Figure 13: Underside of sliding block

Figure 13: Underside of sliding block and clamp.

The shades mountings are unremarkable in design (see Figure 7) except that they have no provision for isolating the movement of one shade from the next by means of, for example, keyed separating washers. Friction is provided by Belleville washers, patented in 1867 by Julien Belleville, a Frenchman.

The telescope kit comprises the usual “zero magnification” sighting tube, a 3 x 26 mm Galilean “star” and a 6 x 15 Keplerian or “inverting” telescope (Figure 14), supplemented by two eyepiece shades of more or less equal density though of slightly different colours (neutral and deep orange).

Figure 14: Sighting devices.

Figure 14: Sighting devices.

The case (Figure 15) is of a light coloured wood with a grain similar to that of mahogany, with dovetailed corners, and both top and bottom were glued and nailed on with steel pins. I find it strange that a few francs were saved by using steel instead of brass pins or, better, brass screws, given that the whole instrument probably cost several months salary for a merchant officer of the time. On the other hand, the brass handle seems on the heavy side for the neat little case into which all the parts fit snugly, perhaps too snugly, and the instrument is held in a pair of felt-lined pockets by a pillar in the lid which passes through the frame and sits on the sextant handle (Figure 2, above). The latter is of the traditional pear shape. The hinges and hooks are of brass and there is a brass lock with ebony escutcheon.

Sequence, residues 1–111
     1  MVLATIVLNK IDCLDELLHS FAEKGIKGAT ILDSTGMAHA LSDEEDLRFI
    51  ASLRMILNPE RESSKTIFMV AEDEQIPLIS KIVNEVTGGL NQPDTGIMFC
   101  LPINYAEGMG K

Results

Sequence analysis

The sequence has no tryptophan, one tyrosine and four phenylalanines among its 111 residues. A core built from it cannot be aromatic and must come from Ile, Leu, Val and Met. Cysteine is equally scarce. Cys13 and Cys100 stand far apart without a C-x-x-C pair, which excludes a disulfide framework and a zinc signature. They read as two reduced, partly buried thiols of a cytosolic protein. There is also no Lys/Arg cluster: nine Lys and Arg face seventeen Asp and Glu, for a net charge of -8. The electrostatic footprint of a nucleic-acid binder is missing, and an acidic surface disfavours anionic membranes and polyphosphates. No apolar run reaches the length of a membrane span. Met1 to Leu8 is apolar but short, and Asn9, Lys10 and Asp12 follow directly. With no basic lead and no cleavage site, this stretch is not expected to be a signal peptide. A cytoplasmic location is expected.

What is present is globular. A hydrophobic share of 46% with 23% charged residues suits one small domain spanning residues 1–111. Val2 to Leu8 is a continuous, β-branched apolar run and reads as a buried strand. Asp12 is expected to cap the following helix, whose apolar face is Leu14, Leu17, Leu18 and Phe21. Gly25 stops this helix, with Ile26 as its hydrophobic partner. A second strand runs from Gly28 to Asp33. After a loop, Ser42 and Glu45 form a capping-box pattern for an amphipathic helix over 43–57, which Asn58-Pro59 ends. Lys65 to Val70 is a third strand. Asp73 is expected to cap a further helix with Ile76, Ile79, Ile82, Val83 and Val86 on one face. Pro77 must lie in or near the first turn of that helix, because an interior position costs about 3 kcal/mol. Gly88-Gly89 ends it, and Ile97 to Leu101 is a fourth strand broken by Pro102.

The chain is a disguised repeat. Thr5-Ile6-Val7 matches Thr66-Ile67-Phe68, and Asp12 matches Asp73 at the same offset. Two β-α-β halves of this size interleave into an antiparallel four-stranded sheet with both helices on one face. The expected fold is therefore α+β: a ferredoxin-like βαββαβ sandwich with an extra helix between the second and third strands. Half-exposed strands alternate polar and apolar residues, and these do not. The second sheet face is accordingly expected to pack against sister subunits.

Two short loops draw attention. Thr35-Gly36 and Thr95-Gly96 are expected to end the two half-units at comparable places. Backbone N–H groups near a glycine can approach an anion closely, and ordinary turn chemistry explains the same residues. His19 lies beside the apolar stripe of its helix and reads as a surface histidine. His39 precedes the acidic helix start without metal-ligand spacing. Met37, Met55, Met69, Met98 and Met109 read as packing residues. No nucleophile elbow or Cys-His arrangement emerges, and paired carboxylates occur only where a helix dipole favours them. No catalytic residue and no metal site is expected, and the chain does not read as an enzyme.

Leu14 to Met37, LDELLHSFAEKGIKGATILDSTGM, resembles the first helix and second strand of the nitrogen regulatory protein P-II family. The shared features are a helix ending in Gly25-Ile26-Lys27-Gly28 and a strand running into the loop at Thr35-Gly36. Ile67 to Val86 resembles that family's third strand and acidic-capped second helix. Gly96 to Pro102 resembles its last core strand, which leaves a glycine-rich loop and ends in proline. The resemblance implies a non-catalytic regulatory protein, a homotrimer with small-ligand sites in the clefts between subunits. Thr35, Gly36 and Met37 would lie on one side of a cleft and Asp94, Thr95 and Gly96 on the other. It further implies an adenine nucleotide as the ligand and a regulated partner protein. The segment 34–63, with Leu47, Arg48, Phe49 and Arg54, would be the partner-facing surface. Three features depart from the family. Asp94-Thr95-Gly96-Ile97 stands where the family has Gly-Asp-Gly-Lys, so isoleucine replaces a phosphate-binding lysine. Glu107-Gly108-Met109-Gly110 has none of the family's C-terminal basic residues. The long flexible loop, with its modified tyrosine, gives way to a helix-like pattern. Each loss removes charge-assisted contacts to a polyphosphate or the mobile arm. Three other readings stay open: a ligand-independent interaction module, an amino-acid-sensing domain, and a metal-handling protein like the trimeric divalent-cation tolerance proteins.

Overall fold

Figure 14: Case exterior.

Figure 15: Case exterior.

It was possible to remove both top and bottom for re-gluing and the crack in the bottom was simply closed up, leaving a minor cosmetic deficit at the back of the case. The crack in the top was much wider and I dealt with it after re-gluing and nailing by filling it with epoxy cement and adding a layer of coloured filler above and below. It was not possible to save the label with its cleaning advice and I replaced it by a modern one using a matching typeface and lay out. Figure 16 shows the final result of the restoration of sextant and case.

Figure 17: Restored instrument in its case.

Figure 16: Restored instrument and case.

Post script: Come to think of it, the card pasted inside the lid, suggests a time of sale after 1902, but the inscription on the limb of the sextant itself suggests that it was made before the Pontus and Therode take-over.